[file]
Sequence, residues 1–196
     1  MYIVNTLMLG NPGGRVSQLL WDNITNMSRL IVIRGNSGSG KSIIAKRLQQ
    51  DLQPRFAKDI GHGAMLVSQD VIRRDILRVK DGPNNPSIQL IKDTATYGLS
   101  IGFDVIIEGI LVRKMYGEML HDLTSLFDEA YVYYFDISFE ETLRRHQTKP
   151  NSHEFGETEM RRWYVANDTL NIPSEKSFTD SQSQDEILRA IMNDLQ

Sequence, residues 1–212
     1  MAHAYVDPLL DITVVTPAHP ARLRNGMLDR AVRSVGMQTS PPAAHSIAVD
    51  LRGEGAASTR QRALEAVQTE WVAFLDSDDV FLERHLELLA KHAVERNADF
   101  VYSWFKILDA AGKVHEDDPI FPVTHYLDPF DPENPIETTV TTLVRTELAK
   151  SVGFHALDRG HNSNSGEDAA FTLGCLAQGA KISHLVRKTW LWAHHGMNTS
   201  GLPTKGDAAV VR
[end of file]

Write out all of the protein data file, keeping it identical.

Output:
Sequence, residues 1–196
     1  MYIVNTLMLG NPGGRVSQLL WDNITNMSRL IVIRGNSGSG KSIIAKRLQQ
    51  DLQPRFAKDI GHGAMLVSQD VIRRDILRVK DGPNNPSIQL IKDTATYGLS
   101  IGFDVIIEGI LVRKMYGEML HDLTSLFDEA YVYYFDISFE ETLRRHQTKP
   151  NSHEFGETEM RRWYVANDTL NIPSEKSFTD SQSQDEILRA IMNDLQ

Sequence, residues 1–212
     1  MAHAYVDPLL DITVVTPAHP ARLRNGMLDR AVRSVGMQTS PPAAHSIAVD
    51  LRGEGAASTR QRALEAVQTE WVAFLDSDDV FLERHLELLA KHAVERNADF
   101  VYSWFKILDA AGKVHEDDPI FPVTHYLDPF DPENPIETTV TTLVRTELAK
   151  SVGFHALDRG HNSNSGEDAA FTLGCLAQGA KISHLVRKTW LWAHHGMNTS
   201  GLPTKGDAAV VR